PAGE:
Featured Research

from universities, journals, and other organizations

New Role For Well-known Protein: Could Lead To Lead To Alzheimer's, Parkinson's Treatments

Date:
October 22, 2007
Source:
Massachusetts Institute of Technology
Summary:
In a finding that may lead to potential new treatments for diseases such as Alzheimer's and Parkinson's, researchers report an unexpected role in the brain for a well-known protein. The new study shows that the same protein that enables a yeast cell to bud into two daughter cells also helps neurons sprout the branch-like protrusions used to communicate with other neurons.

Fluorescent micrograph (scale bar: 10 micrometers) shows yeast cells (red) with septin (green), which enables the budding of daughter cells. MIT researchers have found septin also helps neurons sprout the branch-like protrusions used to communicate with other neurons.
Credit: Philippsen Lab, Biozentrum Basel

In a finding that may lead to potential new treatments for diseases such as Alzheimer's and Parkinson's, researchers at the Picower Institute for Learning and Memory at MIT report an unexpected role in the brain for a well-known protein.

A study by Morgan H. Sheng, Menicon Professor of Neuroscience and a Howard Hughes Medical Institute investigator, and colleagues appearing in the Oct. 23 issue of Current Biology shows that the same protein that enables a yeast cell to bud into two daughter cells also helps neurons sprout the branch-like protrusions used to communicate with other neurons.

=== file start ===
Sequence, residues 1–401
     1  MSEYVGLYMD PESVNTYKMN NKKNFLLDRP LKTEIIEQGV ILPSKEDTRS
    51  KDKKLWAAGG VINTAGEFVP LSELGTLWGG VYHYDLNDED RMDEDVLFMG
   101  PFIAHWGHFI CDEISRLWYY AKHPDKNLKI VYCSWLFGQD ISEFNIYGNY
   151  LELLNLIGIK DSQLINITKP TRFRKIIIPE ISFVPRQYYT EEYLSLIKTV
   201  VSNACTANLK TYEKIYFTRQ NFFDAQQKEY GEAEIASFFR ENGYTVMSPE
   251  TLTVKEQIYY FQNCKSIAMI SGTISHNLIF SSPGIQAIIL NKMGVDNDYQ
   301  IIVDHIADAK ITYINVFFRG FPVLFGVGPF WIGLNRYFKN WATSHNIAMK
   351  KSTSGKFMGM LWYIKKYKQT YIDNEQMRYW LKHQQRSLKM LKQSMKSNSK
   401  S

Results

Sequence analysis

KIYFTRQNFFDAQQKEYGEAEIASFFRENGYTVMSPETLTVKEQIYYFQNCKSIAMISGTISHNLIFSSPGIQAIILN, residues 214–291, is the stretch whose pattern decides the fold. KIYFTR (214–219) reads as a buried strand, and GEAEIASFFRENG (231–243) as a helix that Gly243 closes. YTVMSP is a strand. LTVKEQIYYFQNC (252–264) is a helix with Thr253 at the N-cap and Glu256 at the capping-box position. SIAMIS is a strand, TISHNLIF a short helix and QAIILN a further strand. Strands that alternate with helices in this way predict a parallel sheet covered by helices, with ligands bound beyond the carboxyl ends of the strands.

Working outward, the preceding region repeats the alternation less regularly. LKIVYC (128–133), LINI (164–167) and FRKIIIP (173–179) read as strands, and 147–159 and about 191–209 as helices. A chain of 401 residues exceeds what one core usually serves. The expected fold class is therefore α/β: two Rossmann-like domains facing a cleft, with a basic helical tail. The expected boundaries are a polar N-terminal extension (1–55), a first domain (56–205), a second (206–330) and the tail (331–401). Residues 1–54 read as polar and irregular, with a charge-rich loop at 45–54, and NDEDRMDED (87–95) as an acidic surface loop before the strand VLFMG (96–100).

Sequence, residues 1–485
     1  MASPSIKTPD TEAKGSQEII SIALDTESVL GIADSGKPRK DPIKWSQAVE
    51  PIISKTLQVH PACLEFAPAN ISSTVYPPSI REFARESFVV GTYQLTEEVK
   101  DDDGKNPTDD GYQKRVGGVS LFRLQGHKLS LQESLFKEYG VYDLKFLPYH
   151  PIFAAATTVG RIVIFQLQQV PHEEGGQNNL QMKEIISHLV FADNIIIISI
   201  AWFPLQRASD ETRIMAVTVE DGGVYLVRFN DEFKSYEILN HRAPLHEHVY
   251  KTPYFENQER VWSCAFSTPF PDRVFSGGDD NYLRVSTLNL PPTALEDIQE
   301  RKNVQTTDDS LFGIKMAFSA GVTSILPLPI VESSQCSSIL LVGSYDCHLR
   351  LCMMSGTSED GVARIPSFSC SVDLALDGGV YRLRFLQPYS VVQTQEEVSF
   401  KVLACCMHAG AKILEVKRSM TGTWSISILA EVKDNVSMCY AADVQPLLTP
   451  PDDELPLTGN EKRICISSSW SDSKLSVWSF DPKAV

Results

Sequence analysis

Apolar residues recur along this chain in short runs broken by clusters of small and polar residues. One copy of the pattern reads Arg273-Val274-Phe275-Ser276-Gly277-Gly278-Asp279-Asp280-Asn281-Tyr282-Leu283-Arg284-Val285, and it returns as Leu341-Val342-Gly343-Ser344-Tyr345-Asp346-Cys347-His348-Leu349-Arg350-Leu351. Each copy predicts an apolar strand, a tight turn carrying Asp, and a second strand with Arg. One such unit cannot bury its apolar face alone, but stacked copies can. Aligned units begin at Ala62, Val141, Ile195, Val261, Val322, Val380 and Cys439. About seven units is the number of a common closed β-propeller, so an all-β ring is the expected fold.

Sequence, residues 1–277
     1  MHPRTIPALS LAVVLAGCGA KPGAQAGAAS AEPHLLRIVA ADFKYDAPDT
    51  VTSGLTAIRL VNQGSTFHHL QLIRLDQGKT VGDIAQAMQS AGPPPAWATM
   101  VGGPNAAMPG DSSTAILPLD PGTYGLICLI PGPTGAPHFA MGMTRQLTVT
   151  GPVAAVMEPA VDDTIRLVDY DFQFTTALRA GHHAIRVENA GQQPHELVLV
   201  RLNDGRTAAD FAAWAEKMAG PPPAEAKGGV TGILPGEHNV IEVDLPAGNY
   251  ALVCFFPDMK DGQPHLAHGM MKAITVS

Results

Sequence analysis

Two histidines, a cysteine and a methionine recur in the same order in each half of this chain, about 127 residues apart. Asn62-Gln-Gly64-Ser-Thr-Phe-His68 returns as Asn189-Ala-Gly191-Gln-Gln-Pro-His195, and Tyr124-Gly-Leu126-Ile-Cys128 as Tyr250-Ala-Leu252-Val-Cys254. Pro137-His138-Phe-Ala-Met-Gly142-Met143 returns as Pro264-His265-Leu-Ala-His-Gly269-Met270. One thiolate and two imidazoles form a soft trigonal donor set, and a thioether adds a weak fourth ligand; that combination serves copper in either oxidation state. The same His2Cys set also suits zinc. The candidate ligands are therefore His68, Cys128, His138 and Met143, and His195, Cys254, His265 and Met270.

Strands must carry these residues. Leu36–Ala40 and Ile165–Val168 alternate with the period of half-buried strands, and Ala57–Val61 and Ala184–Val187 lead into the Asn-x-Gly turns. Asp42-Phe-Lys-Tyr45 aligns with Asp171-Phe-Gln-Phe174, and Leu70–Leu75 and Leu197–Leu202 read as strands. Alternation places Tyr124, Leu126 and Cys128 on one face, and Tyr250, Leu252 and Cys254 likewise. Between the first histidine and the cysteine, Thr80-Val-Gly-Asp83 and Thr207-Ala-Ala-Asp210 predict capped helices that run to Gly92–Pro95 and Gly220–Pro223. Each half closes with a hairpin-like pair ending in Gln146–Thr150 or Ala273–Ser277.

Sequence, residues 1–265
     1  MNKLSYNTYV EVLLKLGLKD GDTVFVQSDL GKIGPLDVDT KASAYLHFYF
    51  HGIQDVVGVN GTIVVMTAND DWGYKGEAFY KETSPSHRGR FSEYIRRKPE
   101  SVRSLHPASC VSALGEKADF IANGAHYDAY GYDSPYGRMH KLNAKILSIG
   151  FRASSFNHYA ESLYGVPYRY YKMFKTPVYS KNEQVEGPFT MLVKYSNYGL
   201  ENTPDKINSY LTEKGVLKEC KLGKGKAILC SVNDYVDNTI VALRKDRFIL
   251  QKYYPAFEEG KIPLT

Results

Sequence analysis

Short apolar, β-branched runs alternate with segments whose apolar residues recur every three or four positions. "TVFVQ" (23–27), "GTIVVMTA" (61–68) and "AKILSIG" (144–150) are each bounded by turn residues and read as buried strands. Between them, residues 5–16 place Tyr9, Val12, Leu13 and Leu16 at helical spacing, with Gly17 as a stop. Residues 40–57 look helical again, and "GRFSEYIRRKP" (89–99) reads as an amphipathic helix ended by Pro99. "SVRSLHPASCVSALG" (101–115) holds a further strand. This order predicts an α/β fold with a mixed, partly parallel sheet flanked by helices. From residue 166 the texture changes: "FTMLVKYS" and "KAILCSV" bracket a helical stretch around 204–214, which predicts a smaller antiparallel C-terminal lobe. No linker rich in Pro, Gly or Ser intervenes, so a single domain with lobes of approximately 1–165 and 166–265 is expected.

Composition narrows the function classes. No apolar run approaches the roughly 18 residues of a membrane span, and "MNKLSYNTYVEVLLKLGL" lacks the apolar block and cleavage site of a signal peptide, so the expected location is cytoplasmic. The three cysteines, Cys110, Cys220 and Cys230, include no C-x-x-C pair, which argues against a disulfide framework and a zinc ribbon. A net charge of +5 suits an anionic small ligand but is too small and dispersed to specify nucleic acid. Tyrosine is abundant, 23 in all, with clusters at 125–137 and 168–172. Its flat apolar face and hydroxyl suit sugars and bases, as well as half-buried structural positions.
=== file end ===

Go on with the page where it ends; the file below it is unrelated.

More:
The work revolves around septins--proteins known since the 1970s to play an essential function in the process through which the cytoplasm of a single yeast cell divides. "In yeast, septin is localized exactly at the neck between the yeast mother cell and the bud or emerging daughter cell," Sheng said. "Amazingly, we found septin protein localized at the base of the neck of neuronal dendritic spines and at the branchpoint of dendritic branches."